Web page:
Recently, there was a news article where the author reported an increase from 4 to 11 mountain lion sightings in San Mateo County (California) during the first three months of this year. While the story was fairly balanced and not actually "anti-lion," in nature, it was unfortunately the type of account which can also be considered inciting, with its suggestion in the title that the increase in sightings "could portend a potential problem."
The problem with this assumption is that mountain lion sightings are tricky things.
First, the number of sightings should never be misconstrued as being the actual number of lions residing within a state or region. A single mountain lion has the potential of being seen multiple times as it travels throughout its territory of 100-plus square miles.
Second, the number of sightings should never be considered to be an accurate accounting of lion activity. Studies in the past have found that close to 80 percent of all mountain lion reports are actually sightings of dogs, cats, other wildlife, hoaxes, even (as noted by one CDFG Biologist) concrete lawn statues.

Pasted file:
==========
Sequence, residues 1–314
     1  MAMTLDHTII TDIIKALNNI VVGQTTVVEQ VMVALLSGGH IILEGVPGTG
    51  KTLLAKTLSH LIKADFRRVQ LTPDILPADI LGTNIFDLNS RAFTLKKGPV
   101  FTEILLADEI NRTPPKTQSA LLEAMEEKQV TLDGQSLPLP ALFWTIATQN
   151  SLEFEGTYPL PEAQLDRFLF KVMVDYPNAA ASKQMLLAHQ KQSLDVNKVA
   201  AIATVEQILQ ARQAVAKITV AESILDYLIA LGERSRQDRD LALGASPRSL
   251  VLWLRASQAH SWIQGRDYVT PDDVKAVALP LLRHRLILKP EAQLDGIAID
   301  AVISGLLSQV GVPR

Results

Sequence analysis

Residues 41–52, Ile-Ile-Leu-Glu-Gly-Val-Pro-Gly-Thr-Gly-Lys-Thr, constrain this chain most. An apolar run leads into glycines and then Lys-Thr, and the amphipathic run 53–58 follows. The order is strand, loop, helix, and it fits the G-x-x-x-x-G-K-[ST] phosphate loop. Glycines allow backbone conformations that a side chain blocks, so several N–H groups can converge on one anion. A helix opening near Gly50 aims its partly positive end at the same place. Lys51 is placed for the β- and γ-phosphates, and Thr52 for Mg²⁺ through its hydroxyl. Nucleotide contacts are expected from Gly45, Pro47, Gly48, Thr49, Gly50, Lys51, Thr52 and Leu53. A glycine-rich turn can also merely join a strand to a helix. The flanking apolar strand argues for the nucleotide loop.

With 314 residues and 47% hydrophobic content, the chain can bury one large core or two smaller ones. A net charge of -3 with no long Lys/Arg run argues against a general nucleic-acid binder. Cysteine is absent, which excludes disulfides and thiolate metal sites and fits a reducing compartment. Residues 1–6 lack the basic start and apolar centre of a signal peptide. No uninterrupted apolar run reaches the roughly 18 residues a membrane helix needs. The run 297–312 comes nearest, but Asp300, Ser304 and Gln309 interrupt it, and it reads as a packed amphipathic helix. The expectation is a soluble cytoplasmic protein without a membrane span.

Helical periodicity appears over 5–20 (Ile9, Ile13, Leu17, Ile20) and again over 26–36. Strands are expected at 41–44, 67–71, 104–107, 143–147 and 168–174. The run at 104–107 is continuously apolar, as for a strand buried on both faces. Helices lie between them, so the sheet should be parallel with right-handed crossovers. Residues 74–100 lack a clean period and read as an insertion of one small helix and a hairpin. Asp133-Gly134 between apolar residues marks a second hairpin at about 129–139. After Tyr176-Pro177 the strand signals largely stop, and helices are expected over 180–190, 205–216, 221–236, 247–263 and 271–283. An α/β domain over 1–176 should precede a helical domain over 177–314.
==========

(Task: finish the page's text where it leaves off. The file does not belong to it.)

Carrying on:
Third, mountain lion sightings have a tendency to increase in number following news stories of attacks or threats towards humans. This trend begs the unanswered question--is the increase due to more people actually reporting their lion sighting to authorities, or is it because some people are inspired by the news stories to mistakenly think they have seen a lion.
Forth, actual mountain lion sightings should never be considered as evidence of anything more than what they are--somebody was lucky enough to see a mountain lion. Too many lawmakers try to use lion sightings as evidence of out of control lion populations and (as is the case in Oregon) use those numbers to justify increasing the number of lions the hunting lobby wants to kill.
Twenty years ago this June, California voters passed Proposition 117--the Mountain Lion Initiative
--thereby making it the only western state with a viable mountain lion population where the creatures are not hunted for sport. A living social experiment, California combines America's largest mountain lion population (6,000) with the nation's greatest number of human residents (36 million). Yet despite this potentially explosive mix, confirmed sightings of mountain lions remain extremely small, and rarely equate into anything more than a report of a truly magnificent creature living its life peacefully alongside mankind.